Rather surprisingly, through the course of the run, the motor temp stayed in a very safe range, the ESC got a little toasty, but nothing dangerous. What surprised me was that I got a little carried away with the throttle (this is what caused the run-ending damage) and didn’t drive as carefully as I planned. If anything, I drove slightly harder than usual and the motor stayed within a safe temperature range which really impresses me. The motor temperature curve also went back to looking almost completely normal, with only a couple of odd drops, but they didn’t cross the 0 mark.

As metioned a moment ago, the run didn’t end well (mainly due to my trigger happiness), I ended up stripping the idler gear quite badly around 20 mins into the run and that did some damage to the differential gear as well. It didn’t end as spectacularly as I’d predicted (exploding tyres or smoking motor or melting clutch), but it ended the run prematurely.

As well as getting baseline results for 4S running, the purpose of this run was to also test for capacity again, and again, the telemetry was claiming a lot more than the battery should have had in it (~4400mAH from a 3700mAH battery), and I hadn’t even hit the LVC, if the voltage reading is anything to go by, I was just past half way through the pack. I’m going to have to carry out some bench-tests at some point since the Turnigy experiment failed and I don’t own any other batteries not made by Overlander.

The stripped gears.

Technically the diff isn’t stripped, just damaged, but the idler clearly is. In the pic, the diff looks like it has lost all of its teeth, that is not the case. The diff housing is asymmetric and the teeth can’t be seen properly from the side seen in the pic. I took the pic from that side so that the differences in the tooth tips can be seen, otherwise the teeth would look fine.

Telemetry results:

Peak power for today was a pretty big 1760W (~2.36 BHP), peak current was 125.2A. As with yesterday, speed cannot be estimated from the RPM due to a lot of wheelspin on grass.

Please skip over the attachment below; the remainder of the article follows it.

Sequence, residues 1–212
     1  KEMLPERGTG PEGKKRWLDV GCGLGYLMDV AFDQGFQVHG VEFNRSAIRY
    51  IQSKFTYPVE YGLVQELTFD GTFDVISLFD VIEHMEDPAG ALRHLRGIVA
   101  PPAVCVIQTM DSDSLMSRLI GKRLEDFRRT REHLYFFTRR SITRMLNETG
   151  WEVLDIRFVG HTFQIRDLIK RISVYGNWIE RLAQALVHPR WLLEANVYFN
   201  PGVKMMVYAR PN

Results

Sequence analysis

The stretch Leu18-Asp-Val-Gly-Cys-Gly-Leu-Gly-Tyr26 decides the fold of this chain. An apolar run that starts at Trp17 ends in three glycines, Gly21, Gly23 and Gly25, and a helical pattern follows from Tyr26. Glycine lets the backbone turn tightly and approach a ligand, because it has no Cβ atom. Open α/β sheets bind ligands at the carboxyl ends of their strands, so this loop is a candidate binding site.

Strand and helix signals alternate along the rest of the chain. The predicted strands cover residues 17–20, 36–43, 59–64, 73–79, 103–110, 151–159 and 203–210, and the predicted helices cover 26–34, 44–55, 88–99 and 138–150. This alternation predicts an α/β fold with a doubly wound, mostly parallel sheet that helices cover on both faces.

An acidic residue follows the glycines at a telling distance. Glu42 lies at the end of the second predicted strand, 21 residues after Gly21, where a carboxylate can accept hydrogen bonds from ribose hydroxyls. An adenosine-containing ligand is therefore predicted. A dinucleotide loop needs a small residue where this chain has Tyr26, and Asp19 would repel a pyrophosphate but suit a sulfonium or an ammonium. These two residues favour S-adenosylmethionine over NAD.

Power / Voltage / Current:

ESC temperature / Motor temperature:

Capacity / Voltage:

I’ve noticed that the gif footage has become bumpier over the last few runs, I suspect that is because I lightened the truck, but still kept the same suspnsion stiffness. I’ll probably soften it a bit in a run or two as well as lower it by a few mm.

This is probably the smoothest jump landing I’ve ever had.


Lol! You secretly wanna destroy your creations? :smile:

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No, but I’m pushing my luck.

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Not really a project, but I spent the night modifiying the Lego rally car (42077) I got for xmas. The original was RWD and had no power functions. I modified it to be AWD and to be remote controlled. I can see why they didn’t make it AWD in the first place, it’s too much trouble. After my mods, the physical appearance was near identical. The mods include two M motors for drive, an M motor for steering (I don’t have a servo) and a standard AA battery box and non-proportional Tx/Rx combo.

The car itself is mostly the same, apart from the front where most of the redesign work was. It was too much trouble for the result I got. I had to use 6 shocks at the front, because of the available mounting points, the suspension just collapsed with 2 shocks. The car is also too heavy to move itself and there’s gears grinding somewhere deep in the bowels of the car. I don’t want to get back in to try and fix it, it’s too much trouble.





It looks really cool and it only took you all night to do it

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That’s because I improvised it, it wasn’t a great chassis to work on. Suffering from Lego fingers today, they’re quire sore. lol

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Quick update on Banshee. The parts came in today, so I replaced the ruined diff and idler, changed the tyres and decided to cover the underside of the truck in gorilla tape as a chassis protector.